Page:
LA SELVA BEACH, California — Technology is mind-blowing sometimes, like drones that can now fly without a human at the controls.
At Parallel Flight Technologies, it can be seen firsthand as they work to break the mold of what can be done to help firefighters during a wildfire.
CEO Joshua Resnick started this company after fires in the mountains of Santa Cruz, California, came dangerously close to his home.
“The CZU complex fire was terrible, and, I think, over 1,000 homes were lost in our community," Resnick said. “Between that fire and the devastating fires in Santa Rosa, it was a wake-up call. What technologies can be brought to bear on the wildfire problem?”
As an engineer working at Tesla, he felt a calling to leave his job and answer that very question. Experts within the industry told him what already exists out there, but pointed out what doesn’t: technology that can carry heavy payloads significant distances to bring tools and supplies to firefighters.
“So, we designed a hybrid solution, so a gas-electric solution that can fly for hours with a full payload, almost two hours of flight time," Resnick said. “It’s already been done in the automotive world, but it’s never been done for rotorcraft, so we were the first ones to do it. We developed it, we’ve been working on it since really late 2018 and were getting very close to having a product to put on the market.”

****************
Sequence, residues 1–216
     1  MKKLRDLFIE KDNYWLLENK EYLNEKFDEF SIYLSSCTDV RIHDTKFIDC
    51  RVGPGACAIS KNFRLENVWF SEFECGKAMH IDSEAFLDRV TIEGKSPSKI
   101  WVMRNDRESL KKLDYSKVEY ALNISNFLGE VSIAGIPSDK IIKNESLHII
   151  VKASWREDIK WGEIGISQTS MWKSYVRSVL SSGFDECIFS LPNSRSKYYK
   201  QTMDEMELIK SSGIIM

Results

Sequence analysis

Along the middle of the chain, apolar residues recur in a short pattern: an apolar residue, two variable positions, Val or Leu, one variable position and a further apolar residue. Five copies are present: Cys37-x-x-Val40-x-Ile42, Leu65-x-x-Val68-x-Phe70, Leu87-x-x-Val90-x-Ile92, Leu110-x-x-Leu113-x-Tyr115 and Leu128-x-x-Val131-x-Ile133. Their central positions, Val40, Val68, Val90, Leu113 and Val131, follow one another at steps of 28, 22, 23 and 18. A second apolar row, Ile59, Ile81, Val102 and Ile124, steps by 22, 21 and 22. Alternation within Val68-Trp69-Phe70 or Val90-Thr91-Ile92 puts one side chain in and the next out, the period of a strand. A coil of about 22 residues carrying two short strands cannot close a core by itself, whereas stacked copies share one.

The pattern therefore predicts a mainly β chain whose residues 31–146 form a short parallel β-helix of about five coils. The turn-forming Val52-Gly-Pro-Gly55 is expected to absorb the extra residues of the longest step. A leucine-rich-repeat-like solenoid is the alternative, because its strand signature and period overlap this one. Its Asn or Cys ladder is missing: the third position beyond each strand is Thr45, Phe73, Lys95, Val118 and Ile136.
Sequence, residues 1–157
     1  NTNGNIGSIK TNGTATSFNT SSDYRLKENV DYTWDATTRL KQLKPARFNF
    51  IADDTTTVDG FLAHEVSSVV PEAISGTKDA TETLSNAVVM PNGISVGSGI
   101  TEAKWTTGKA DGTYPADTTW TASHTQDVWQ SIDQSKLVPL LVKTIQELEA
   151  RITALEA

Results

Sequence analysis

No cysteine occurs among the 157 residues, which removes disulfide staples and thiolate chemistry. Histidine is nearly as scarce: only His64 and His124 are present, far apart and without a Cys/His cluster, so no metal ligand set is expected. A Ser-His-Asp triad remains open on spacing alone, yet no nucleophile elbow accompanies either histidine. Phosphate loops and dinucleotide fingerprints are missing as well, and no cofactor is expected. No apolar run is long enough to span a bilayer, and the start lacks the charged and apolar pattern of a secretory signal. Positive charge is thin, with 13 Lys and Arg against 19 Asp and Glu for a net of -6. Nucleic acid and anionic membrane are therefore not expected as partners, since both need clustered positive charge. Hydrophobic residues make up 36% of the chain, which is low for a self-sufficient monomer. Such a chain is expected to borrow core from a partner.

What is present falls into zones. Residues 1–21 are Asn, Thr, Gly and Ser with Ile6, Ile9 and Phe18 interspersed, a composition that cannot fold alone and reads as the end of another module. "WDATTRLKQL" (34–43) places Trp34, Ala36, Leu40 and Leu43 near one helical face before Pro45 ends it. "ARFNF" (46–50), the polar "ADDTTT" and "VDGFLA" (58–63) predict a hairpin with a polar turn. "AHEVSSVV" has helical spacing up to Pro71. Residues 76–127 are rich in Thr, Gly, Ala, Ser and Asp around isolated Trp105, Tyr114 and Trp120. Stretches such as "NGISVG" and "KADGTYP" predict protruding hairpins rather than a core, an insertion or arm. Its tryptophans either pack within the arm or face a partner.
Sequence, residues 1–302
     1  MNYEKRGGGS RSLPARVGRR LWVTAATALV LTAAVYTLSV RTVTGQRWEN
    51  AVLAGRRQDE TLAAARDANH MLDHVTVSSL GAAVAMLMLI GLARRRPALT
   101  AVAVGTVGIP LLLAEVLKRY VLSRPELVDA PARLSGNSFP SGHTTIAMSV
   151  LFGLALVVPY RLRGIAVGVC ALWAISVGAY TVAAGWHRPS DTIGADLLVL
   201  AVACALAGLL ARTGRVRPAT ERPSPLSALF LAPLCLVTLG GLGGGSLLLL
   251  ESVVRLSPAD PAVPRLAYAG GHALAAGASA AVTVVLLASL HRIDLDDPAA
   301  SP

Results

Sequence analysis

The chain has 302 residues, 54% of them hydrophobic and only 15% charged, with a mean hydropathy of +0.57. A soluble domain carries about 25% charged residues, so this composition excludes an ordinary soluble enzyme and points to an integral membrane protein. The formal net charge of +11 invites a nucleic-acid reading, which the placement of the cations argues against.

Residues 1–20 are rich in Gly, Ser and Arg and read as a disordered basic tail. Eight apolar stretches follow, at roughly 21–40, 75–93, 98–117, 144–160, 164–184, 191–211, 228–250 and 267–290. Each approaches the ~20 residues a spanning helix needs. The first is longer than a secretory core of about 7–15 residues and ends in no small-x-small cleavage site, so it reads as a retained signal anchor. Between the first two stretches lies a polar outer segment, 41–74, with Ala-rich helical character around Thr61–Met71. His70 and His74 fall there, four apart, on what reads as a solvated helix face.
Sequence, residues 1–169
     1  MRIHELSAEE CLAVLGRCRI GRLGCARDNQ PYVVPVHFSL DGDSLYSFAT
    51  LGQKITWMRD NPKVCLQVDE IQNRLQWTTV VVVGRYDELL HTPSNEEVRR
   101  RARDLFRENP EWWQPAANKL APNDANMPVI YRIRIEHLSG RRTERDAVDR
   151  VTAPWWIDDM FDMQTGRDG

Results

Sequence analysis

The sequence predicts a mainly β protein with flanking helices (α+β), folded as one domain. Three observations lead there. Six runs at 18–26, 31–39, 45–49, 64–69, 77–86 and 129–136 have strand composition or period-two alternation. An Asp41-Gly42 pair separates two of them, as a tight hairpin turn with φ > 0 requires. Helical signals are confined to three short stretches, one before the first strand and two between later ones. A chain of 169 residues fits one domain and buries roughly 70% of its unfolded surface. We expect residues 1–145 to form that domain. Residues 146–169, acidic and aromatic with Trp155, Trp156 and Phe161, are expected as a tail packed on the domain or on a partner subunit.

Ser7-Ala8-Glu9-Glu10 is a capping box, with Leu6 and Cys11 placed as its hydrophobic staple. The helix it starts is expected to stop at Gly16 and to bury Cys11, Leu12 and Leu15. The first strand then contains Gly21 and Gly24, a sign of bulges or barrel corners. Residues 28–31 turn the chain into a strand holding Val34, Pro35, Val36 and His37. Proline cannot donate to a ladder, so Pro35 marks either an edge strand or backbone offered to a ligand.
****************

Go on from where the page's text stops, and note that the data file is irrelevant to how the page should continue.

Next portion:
This model can carry up to 100 pounds of equipment. It allows things like hoses, fuel, drinking water, tools and survival gear to be delivered directly to those on the front lines.
Retired Battalion Chief with CalFire, Scott Watson, says this will be a game-changer.
"I started out as a ground-pounder. I can remember being on that mountain wishing I had an aircraft that could come and deliver whatever I needed," Watson said. "We realize that we need to be flying at night we also need to have the ability to fly under smokey conditions where only visual flight rules exist. ”
Not only can these drones free up helicopters from carrying pallets of material, but they can fly 24/7, into very difficult locations, at night or when smoke is thick.
"We never have enough aerial resources ever, and now we're fighting mega-fires and these mega-fires require a lot of resources. Drones will bridge that gap," Watson said.
Humans need breaks. Autonomous technology doesn’t.
“Now it’s time for another more rapid advance and to really leverage autonomous technology to get people out of harm's way and to go do the dull, dirty, dangerous work that needs to get done without putting people's lives on the line," Resnick said.
More information about this company can be found on their crowdfunding campaign.